Border TerrierThe Miniature Schnauzer and the Border Terrier. When glancing at these two wiry little terriers, it’s pretty easy to tell the two apart, but they do have a lot in common and a few differences.
Let’s compare these the Miniature Schnauzer and the Border Terrier in our on-going series, Dog vs. Dog.
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Touted as among the oldest of the British terriers, the Border Terrier was developed near the Cheviot Hills between England and Scotland. Originally, the dog was bred to chase and kill foxes that caused trouble for farmers and later to accompany Border Foxhounds on fox hunts. The Border Terrier, which was the smallest among long-legged terriers, had to be very fast to match a horse’s pace and yet be of small enough to dig out or follow a fox into its burrow.
The first record of this breed dates back to the 18th century; its ancestors were said to be associated with the Dandie Dinmont Terrier.
The development of the Miniature Schnauzer isn’t as well documented. There aren’t any records on how the Miniature Schnauzer was developed, but the intent, or perhaps by accident, was to create a smaller version of the well-established much larger Standard Schnauzer to work as a small ratter, a job which the breed excels at.
The earliest record of a Miniature Schnauzer was a black female named Findel, born in 1888. In 1895, the first breed club was formed in Cologne, Germany.
The Miniature Schnauzer was developed in Germany by crossbreeding the Standard Schnauzer with smaller breeds, such as the Miniature Pinscher, Affenpinscher, and Poodle.
In Germany, the Miniature Schnauzer is known as the Zwergschnauzer. Zwerg means “dwarf”.
According to the AKC, unlike all the other Terriers, the Miniature Schnauzer has no English bloodlines. This explains that though the Mini was bred to do the traditional work of small terriers, his personality is quite different, as we’ll see in a bit.
These two small, but sturdy terrier breeds are close in size. The Miniature Schnauzer can be slightly heavier at 11 to 20 pounds, compared to the Border at 11 – 16 pounds. But the Border can be a bit taller at 10 -16 inches tall compared to the Mini Schnauzer at 12 – 14 inches tall.
The Border Terrier is a small dog with a compact body. Their ears are typically folded over the forehead and their bushy eyebrows give the impression that they are always thinking.
The Border Terrier’s wiry coat can be red, grizzle and tan, blue and tan or wheaten.
This small square Miniature Schnauzer has a wiry coat and profuse furnishings on the legs, a distinctive beard, and bushy eyebrows, much like its larger Standard Schnauzer brother. The coat color is pepper and salt (greyish), black or a striking black and silver.
The Border Terrier has a distinctive temperament to go along with its distinctive looks. When it comes to vermin, the Border has the Terrier fire, but the Border is also more flexible than most other terrier breeds.
This is a very friendly breed. The Border Terrier is good with kids, families, strangers and even other pets, for the most part.
With its family, it’s affectionate but self-reliant. The Border loves to cuddle, but also has no trouble keeping itself entertained.
A note of caution, the Border has an incredible wanderlust and can be an escape artist!
A Miniature Schnauzer is full of life. An extrovert, this breed loves to be in the middle of any family action. The Mini wants to touch you and be next to you all the time, and you can bet it’ll demand to sleep in your bed.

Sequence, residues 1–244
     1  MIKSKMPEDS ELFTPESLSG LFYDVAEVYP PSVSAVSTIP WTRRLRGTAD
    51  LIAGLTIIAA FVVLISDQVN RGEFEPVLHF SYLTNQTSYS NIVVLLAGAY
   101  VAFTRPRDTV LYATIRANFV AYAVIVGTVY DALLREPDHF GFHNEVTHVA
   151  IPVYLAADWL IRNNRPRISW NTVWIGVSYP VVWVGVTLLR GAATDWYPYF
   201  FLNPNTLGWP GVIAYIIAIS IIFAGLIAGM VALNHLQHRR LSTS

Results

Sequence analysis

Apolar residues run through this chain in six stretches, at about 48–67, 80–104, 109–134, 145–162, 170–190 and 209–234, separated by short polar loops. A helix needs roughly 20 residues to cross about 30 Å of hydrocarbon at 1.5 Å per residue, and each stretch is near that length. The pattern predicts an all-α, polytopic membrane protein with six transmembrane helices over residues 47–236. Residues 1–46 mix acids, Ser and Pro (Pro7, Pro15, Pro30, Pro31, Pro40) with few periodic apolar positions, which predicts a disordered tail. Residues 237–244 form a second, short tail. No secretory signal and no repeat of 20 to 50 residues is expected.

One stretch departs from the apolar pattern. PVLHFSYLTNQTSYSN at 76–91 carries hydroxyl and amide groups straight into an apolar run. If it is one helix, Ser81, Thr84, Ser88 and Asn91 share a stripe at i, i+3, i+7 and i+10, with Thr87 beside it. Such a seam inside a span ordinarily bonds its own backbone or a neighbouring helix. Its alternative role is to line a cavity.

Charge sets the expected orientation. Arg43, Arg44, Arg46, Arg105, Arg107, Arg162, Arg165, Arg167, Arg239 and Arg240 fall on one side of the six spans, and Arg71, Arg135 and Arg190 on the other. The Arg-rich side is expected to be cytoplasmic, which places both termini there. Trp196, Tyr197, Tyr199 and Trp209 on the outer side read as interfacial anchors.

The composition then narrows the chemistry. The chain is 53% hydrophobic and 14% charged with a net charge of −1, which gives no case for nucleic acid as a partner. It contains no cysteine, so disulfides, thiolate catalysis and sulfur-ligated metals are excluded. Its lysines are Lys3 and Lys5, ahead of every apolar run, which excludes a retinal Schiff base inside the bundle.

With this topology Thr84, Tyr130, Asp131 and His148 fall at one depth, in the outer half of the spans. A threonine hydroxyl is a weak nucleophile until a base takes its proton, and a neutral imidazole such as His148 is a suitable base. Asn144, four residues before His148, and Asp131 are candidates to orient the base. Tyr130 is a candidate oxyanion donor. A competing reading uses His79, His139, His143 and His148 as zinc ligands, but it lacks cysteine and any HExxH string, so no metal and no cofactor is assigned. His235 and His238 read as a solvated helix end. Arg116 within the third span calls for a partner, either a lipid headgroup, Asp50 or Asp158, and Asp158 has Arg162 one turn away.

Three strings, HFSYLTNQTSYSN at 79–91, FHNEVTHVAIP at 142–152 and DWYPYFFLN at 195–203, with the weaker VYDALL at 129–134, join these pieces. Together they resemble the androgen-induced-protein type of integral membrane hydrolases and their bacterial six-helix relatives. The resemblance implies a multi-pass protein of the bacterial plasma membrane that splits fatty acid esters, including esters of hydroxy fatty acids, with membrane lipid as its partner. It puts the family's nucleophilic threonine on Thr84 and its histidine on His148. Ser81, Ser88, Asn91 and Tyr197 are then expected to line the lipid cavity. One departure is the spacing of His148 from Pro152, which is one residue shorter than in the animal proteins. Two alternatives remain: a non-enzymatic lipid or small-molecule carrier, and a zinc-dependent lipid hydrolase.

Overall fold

The Miniature Schnauzer isn’t as kid or stranger friendly as the Border Terrier, but with early socialization, this can be overcome.
Though both breeds are of high intelligence, don’t assume they are easy to train.
Both dogs share a typical terrier stubbornness and neither is focused or patient with training.
But, both breeds are eager to please and are highly trainable. You just have to put in the work and not fall more their manipulation.
The Border Terrier is a highly energetic spunky little dog born to run. Thankfully because of its small size and medium exercise needs you can get away with a good long walk a day and a game of fetch or two in the house or yard.
Miniature Schnauzers are versatile dogs who can live in the city or the country. They need daily walks and time to run every week, but they can be just as happy living in an apartment as a farm. The Schnauzer’s yard should always be fenced in because these terriers will take off like a shot if they catch a glimpse of a cat, rabbit, bird or squirrel.
Both breeds need to chase and dig which can be channeled productively by enrolling your pooch into earthdog activities, or agility training. These activities can keep you Schnauzer’s mind and body active, and it’ll love the bonding time spend with its favorite person.
Health and Lifespan
The Border Terrier and the Miniature Schnauzer have similar lifespans with the Border Terrier typically living between 12 to 15 years and the Schnauzer between 12 and 14.
Both breeds are generally healthy dogs, although the Miniature Schnauzer may have an advantage when it comes healthiness.
The Border Terrier can be prone to heart murmurs, hip dysplasia, hypothyroidism, and seizures.
The Mini Schnauzer can suffer from vision problems including cataracts and retinal atrophy, usually both associated with old age, as well as a chronic lung condition called Mycobacterium Avium Infection.
Both dogs can be prone to overeating and without proper exercise can become obese, risking other weight-related complications.
So, which of these tough little terriers do you pick? Let us know in the comments.
If there are other breeds you’d like us to compare, shout them out, we’ll give them a look.
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